After the Vietnam War, the sacrificial mechanism in this country deteriorated.  Koenigsberg alluded to a “counter-sacrificial culture of the 1990s”: reluctance to sacrifice. George W. Bush tried to overcome this sensibility--persuading Americans to relearn how to sacrifice—in the Iraq War.

Koenigsberg explained how Japan’s 1905 victory in the Russo-Japanese War influenced European military strategists in World War I. They admired the Japanese soldiers’ spiritual willingness to sacrifice their lives. In Japanese culture, the purpose of war is not winning, but sacrificing. Their willingness to die for the Emperor was ingrained: The rallies Hitler conducted to generate a frenzy of nationalistic enthusiasm was not necessary in Japan. But Koenigsberg noted that although Europeans are less self-aware than the Japanese that sacrifice is the purpose of war, Westerners have been the most prodigious dyers, in World Wars I and II.

Koenigsberg suggested that Westerners have the illusion that they are rational because they no longer die for religion. But we still have an object that we religiously worship (the country) that has not yet been deconstructed. Ernst Kantorowicz argued that martyrdom for the church transformed into martyrdom for the state. Hitler fulfilled Saint Paul’s fantasy of many becoming one in the body of the church, with the German body politic. Everyone became a part of something higher than him- or herself.

In Hitler’s mind, Jews did not love Germany enough. Koenigsberg suggested that Hitler became “the greatest sacrificer of all time” because he thought it was necessary to resurrect Germany’s greatness. He viewed Jews the way militant Islamists view Westerners, as the infidels who must be destroyed.

He also used the metaphorical idea of a bacteria or virus, a force that was causing the decomposition (Zerzetzung) of the nation. He and Goebbels were a paranoid. They believed the Jews were all powerful; that they would destroy Germany if Germany did not destroy the Jews first. Thus, he did not attack the Soviet Union primarily with the objective of conquering it. In his mind, he was acting defensively.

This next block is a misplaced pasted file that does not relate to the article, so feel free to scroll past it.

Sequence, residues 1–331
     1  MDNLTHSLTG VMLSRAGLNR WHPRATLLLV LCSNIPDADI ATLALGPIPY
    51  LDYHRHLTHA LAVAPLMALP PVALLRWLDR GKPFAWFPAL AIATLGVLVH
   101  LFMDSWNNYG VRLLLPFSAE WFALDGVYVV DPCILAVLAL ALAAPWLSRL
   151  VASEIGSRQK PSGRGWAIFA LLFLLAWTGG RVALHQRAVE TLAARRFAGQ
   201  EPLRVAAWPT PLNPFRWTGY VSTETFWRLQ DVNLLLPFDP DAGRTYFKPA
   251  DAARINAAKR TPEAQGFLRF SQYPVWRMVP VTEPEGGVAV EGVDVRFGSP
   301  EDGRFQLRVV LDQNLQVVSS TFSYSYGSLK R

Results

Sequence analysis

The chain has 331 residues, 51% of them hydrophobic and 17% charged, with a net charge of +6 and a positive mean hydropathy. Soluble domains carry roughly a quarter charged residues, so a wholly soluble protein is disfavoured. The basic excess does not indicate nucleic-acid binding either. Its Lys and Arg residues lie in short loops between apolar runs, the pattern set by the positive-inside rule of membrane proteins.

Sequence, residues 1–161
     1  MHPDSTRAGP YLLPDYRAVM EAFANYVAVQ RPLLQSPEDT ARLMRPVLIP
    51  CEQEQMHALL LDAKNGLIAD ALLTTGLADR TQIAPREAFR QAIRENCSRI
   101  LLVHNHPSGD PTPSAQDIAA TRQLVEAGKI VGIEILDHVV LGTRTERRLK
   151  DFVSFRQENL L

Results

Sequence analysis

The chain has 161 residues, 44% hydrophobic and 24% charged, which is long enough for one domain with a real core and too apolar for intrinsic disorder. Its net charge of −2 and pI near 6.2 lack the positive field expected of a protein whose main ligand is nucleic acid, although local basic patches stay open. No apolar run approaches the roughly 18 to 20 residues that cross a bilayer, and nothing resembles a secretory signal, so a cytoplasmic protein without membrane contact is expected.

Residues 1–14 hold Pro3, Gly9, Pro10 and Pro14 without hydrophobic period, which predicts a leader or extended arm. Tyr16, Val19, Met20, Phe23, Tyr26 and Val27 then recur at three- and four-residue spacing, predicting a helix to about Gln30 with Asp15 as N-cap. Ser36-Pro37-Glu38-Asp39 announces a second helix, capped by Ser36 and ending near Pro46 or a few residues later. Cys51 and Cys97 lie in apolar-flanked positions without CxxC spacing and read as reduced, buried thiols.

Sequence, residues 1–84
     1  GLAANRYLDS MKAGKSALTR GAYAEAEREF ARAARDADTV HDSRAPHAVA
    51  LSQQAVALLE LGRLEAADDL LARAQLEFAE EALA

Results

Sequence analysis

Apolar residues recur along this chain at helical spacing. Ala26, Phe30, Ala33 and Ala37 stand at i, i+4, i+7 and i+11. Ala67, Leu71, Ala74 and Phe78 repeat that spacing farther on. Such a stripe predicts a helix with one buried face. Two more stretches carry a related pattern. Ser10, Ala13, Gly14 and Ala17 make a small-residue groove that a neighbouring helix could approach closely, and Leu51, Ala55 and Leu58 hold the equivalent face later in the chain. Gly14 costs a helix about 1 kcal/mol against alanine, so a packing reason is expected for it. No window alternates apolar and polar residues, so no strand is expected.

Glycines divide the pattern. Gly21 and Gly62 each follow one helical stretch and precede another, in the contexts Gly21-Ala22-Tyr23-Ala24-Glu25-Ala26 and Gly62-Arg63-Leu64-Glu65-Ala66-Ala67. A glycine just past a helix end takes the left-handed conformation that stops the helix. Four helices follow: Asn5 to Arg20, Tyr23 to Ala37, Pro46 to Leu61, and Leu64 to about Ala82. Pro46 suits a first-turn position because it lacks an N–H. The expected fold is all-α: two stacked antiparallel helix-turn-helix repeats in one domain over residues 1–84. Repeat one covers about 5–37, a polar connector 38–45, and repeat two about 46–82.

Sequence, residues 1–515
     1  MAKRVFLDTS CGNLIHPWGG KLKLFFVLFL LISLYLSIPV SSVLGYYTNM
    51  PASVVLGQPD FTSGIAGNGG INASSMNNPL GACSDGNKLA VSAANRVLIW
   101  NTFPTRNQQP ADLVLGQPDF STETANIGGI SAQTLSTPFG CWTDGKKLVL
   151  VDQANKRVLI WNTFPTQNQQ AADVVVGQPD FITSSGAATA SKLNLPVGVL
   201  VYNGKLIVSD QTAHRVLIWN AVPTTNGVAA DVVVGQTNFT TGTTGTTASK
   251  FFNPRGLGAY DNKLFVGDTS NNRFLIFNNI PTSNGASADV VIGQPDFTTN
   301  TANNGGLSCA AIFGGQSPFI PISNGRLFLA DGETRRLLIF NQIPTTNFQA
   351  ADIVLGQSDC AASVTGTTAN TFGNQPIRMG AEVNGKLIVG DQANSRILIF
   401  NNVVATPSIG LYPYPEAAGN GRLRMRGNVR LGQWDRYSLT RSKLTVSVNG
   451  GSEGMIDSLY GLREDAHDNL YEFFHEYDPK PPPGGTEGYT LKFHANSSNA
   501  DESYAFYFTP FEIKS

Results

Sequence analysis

There is a dialectic between the impulse for freedom and the impulse toward submission. Islamic men may have a desire for freedom that they are trying to suppress it, and they project it onto the enemy, the infidels. Likewise, Westerners may have a desire to submit to the will of others—the opposite of the desire for freedom.

Hitler had this dialectic within himself. He felt oppressed by Germany because of the sacrifices that he was required to make” to devote himself entirely to the nation in his role as leader. The fact that he didn’t get married until Germany lost the war is evidence of his devotion. Hitler projected his own desire for freedom onto the Jews. In destroying them, he was fighting his own wish to abandon Germany—to be free of the burden of leading his country. Jews symbolized Hitler’s own wish to separate from Germany.

Dougatz argued that civilization is a “mandate.” But Koenigsberg noted that so-called “civilization” can be the source of horrific carnage, as in World War I. An idea can be psychotic and totally wrong even though an entire society embraces it. Diverting massive resources to projects that seem important but are in fact useless is an ancient practice in Western culture. You can have laws and structures that guide your existence (i.e. civilization) without having this thing (the state) that you must die for.

Bloom asked, what are other ways that people can connect and relate to each other if we transcend sacrifice as a bonding mechanism? The Internet empowers us to create new ways of connecting. People have a psychological need to look to the center as something they strive to connect with. But each of us can create our own center rather than looking to the nation as the center and source of meaning.